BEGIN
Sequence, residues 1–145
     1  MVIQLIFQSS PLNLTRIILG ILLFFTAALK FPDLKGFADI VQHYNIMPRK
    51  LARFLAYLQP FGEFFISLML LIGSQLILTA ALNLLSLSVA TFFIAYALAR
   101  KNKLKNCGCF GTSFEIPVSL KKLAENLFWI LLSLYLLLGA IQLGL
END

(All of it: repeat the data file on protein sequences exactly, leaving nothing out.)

Sequence, residues 1–145
     1  MVIQLIFQSS PLNLTRIILG ILLFFTAALK FPDLKGFADI VQHYNIMPRK
    51  LARFLAYLQP FGEFFISLML LIGSQLILTA ALNLLSLSVA TFFIAYALAR
   101  KNKLKNCGCF GTSFEIPVSL KKLAENLFWI LLSLYLLLGA IQLGL